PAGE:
Fort Breendonk was built in the early 1900s to protect Antwerp, Belgium, from possible German invasion. Damaged at the start of World War I, it fell into disrepair . . . until the Nazis took it over after their invasion of Belgium in 1940. Never designated an official concentration camp by the SS and instead labeled a "reception" camp where prisoners were held until they were either released or transported, Breendonk was no less brutal. About 3,600 prisoners were held there—just over half of them survived. As one prisoner put it, "I would prefer to spend nineteen months at Buchenwald than nineteen days at Breendonk."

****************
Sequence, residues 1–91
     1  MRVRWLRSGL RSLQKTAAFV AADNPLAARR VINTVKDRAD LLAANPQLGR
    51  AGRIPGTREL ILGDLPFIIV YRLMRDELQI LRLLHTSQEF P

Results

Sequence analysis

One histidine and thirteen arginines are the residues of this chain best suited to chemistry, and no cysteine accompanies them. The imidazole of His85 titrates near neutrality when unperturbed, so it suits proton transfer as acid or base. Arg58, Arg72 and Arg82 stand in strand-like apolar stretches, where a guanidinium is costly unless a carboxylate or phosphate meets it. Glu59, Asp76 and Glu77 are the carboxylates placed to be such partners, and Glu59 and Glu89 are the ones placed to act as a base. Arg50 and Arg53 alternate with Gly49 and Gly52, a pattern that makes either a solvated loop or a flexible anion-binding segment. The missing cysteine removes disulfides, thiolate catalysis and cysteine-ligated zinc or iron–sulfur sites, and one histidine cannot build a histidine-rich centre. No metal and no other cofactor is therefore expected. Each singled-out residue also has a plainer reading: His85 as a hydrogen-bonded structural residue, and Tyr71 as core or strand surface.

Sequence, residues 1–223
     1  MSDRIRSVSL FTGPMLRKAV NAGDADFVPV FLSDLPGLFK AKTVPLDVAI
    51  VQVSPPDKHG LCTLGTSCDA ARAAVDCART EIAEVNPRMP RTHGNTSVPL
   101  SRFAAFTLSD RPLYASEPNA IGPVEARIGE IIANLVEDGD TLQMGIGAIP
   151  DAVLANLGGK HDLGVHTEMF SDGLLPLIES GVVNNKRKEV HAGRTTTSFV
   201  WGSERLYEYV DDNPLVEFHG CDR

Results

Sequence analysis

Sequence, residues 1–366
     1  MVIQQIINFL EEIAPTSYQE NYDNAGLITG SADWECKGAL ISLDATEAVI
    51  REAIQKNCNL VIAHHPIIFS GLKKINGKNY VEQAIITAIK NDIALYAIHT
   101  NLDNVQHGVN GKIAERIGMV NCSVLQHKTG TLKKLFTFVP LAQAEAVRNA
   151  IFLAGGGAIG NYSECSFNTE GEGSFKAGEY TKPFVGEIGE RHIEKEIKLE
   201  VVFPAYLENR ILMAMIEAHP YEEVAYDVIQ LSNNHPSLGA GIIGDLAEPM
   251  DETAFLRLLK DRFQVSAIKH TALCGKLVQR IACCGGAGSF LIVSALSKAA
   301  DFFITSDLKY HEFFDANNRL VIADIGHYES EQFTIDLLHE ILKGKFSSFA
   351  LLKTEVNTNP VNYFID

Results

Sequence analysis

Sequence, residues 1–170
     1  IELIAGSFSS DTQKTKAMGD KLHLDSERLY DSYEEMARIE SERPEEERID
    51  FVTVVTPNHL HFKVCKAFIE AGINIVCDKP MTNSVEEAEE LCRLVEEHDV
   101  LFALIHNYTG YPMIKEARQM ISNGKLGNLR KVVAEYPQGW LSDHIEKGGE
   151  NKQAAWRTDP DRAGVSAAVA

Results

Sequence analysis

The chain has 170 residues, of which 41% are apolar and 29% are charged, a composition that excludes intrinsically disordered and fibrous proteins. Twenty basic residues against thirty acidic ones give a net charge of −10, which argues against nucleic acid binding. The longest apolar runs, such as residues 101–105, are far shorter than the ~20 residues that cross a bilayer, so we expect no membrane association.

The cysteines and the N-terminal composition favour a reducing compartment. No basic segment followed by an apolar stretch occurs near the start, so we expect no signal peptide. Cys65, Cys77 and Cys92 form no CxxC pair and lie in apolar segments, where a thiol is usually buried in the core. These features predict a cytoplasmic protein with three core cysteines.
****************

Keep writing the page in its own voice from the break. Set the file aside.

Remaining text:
With access to the camp and its archives and with rare photos and artwork, James M. Deem pieces together the story of the camp by telling the stories of its victims—Jews, communists, resistance fighters, and common criminals—for the first time in an English-language publication. Leon Nolis's haunting photography of the camp today accompanies the wide range of archival images.
The story of Breendonk is one you will never forget.